Anyway, Neetu is always asking for ‘space’. I think she has forgotten,  that her apartment in London was only 700 sqft. I went there once, you see, when Ravi’s Appa was alive. Nice city, actually. Though, I do not understand why those people always say ‘How lovely to meet you!’ What is so lovely about meeting a stranger?! But they are polite, those English people. We can actually learn some manners from them. Here, even walking has become a nightmare. Never know who will bump into you, or land his motorbike right on your feet, and not even bother to say ‘Saari’.

But nothing like ‘Home’. London was very peaceful. But it was dead. Perhaps any city would be ‘dead’ for an old woman like me. But here in Chennai, I am alive. Every moment. I wish Neetu would also realise this.

‘Crash! Bang!’ – more plastic cups flying across the dining table now. Ouch! This must be a really big fight. Talking to you, I seem to have missed what this was all about! Let me listen carefully.

There is a slight drizzle, and altogether, it makes a very pretty picture. The setting sun, the pitter-patter of raindrops, the aroma of hot samosas…

‘I hate this place, Ravi. I H-A-T-E Chennai. I am going back to where I belong!’ she cries.

‘What do you mean ‘where I belong’?? You lived all your life here, my dear. Have you forgotten your childhood days in Mandaveli area?’ he yells.

‘I have not forgotten. And that is EXACTLY the reason I cannot stand living here!’ she gets hysterical.

If you ask me, Chennai has changed so much in the last decade. When these children left for London, what we had was a quiet, old-fashioned city. Today, it is a modern metro. Complete with metro, shopping malls and the works! In those days, there were a few excellent schools and colleges for the youngsters.  Some new foreign banks had opened. That is where Ravi himself joined. Rukku Mami was so jealous about Ravi’s good fortune. To counter it, she used to brag about her daughter, Paddu, who had joined some ‘software company’. Shameless!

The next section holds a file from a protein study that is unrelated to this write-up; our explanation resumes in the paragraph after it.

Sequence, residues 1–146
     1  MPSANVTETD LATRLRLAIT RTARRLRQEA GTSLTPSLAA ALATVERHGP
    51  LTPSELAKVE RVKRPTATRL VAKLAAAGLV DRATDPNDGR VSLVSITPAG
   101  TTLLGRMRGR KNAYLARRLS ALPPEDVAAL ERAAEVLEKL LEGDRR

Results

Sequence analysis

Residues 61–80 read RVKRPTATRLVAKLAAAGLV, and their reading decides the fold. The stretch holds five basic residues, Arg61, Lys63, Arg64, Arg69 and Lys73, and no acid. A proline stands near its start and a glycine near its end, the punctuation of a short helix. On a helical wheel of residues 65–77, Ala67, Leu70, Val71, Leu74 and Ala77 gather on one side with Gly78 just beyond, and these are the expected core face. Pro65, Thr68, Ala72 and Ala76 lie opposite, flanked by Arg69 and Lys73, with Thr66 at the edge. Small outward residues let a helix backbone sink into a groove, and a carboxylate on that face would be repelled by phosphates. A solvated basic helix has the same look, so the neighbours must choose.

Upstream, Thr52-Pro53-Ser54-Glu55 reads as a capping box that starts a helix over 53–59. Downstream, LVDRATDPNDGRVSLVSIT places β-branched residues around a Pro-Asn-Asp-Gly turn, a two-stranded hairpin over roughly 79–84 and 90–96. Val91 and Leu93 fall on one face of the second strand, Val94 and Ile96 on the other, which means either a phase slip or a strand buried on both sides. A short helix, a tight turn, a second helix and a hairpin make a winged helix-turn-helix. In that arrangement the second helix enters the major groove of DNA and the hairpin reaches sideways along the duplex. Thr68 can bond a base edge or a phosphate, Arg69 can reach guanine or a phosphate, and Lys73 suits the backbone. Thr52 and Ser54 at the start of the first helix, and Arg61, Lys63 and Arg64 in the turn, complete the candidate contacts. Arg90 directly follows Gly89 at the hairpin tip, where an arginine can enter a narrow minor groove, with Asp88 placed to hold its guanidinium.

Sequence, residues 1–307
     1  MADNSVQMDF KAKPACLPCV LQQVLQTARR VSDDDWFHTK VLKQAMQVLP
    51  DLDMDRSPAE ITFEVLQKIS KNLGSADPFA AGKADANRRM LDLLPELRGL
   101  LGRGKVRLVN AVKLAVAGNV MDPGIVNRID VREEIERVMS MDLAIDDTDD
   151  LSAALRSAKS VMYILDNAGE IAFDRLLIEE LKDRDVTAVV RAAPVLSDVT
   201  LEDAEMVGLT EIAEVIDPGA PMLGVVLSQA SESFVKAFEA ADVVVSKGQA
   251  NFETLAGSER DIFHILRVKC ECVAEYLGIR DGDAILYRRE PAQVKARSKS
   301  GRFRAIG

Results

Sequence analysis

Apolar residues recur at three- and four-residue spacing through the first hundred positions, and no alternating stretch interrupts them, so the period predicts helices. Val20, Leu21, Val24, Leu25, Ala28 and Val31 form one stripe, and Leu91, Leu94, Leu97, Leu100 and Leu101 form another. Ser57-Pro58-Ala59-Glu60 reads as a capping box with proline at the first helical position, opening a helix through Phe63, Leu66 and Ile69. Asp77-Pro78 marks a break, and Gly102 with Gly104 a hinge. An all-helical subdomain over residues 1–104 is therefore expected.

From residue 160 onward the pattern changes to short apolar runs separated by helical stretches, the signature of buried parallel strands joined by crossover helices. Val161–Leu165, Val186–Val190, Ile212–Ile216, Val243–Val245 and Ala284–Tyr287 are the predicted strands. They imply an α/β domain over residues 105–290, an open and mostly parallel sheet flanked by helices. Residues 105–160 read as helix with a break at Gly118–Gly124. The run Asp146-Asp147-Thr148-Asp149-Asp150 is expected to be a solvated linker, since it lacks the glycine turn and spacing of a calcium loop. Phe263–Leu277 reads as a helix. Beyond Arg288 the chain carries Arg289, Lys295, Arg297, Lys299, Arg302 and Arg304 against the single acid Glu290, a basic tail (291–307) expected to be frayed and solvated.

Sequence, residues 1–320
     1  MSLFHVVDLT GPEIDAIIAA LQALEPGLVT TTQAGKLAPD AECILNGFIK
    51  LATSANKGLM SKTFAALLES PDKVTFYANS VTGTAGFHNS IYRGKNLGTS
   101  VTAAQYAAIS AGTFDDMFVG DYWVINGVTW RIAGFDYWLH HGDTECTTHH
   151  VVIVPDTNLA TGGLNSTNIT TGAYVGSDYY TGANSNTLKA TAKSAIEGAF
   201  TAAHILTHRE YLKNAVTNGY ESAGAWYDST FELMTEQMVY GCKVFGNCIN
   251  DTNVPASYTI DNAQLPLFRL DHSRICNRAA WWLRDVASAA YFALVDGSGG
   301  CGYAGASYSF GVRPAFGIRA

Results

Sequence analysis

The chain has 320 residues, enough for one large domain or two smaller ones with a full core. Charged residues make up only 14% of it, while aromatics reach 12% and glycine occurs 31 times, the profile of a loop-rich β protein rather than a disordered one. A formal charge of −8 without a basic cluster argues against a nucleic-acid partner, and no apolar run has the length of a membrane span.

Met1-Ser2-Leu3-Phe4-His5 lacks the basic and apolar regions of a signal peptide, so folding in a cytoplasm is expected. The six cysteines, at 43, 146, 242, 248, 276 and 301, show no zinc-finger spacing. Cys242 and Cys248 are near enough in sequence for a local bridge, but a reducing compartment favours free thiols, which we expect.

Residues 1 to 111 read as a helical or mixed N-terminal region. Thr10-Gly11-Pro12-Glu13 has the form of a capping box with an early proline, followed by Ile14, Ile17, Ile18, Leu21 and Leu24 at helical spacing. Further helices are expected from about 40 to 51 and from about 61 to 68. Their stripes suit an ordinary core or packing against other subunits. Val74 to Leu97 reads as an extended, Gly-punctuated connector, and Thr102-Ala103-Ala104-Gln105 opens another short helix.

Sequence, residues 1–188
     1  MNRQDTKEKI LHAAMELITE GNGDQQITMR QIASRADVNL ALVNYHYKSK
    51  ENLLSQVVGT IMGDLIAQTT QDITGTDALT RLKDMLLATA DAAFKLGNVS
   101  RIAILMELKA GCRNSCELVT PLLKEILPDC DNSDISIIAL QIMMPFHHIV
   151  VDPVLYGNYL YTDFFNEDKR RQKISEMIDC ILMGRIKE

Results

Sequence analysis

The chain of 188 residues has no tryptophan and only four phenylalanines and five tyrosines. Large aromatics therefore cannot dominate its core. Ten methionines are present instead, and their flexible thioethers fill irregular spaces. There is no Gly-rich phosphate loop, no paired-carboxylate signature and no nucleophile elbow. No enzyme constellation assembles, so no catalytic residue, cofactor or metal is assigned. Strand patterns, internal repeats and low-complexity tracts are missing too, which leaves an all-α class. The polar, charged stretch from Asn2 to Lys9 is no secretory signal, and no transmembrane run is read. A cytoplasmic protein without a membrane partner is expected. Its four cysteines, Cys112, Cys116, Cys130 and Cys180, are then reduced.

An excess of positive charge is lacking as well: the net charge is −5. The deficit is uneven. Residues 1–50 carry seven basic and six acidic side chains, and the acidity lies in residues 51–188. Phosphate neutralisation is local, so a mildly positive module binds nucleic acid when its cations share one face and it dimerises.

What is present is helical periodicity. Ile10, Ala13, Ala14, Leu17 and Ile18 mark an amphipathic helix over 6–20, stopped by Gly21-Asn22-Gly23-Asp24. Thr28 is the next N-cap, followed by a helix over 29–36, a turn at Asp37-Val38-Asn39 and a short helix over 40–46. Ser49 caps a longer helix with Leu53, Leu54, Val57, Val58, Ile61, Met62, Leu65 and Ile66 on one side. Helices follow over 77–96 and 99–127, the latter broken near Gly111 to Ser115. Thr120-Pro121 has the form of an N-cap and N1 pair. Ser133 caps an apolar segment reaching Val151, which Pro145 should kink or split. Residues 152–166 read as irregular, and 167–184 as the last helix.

‘What’s your problem, Neetu? We have great jobs. You yourself earn a lakh of rupees a month!!’, Ravi continues to argue with Neetu.

‘You don’t get it, do you, Ravi?’ Neetu is on the verge of throwing a glass vase.

Please, not that vase, child!! I want to scream! I bought it about twenty years ago from Poppat Jamaal – what was then, one of the biggest shops in Chennai. Please choose another vase. Like that cheap imitiation you brought from London. Do you remember, how we laughed, when we turned the vase over and it read ‘Made in China’? Throw that one, please. Of course, she does not heed me. She never does.

‘We are both happy here! We have everything we can dream of!’, Ravi pleads.

Well said, Ravi. You both do have everything. Neetu also is doing well, I suppose. She has made so many new friends in the last two months.

She is very fond of driving, and in London, she never managed to get a license. Can you believe it? She tried four times, each time, she failed. As soon as she came to Chennai, she called ‘Metro Driving School’. They got her a driving license without her even going for the test! Five thousand rupees and two photographs – job done!

‘Ravi, can’t you see how congested this place is? India is just so polluted. Every time I step out, I end up coughing like an old woman!’ Neetu continues to whine.

Now, this is really getting annoying now. What is so dirty about India? Agreed, the roads are very congested. But the government has built so many flyovers. Many roads are one-way, and traffic is quite smooth, if you ask me. Ofcourse, you won’t! It is not fair, I think, that people obey rules and follow one-way signs when they are abroad, and when they are here in India, they crib that it is causing delays!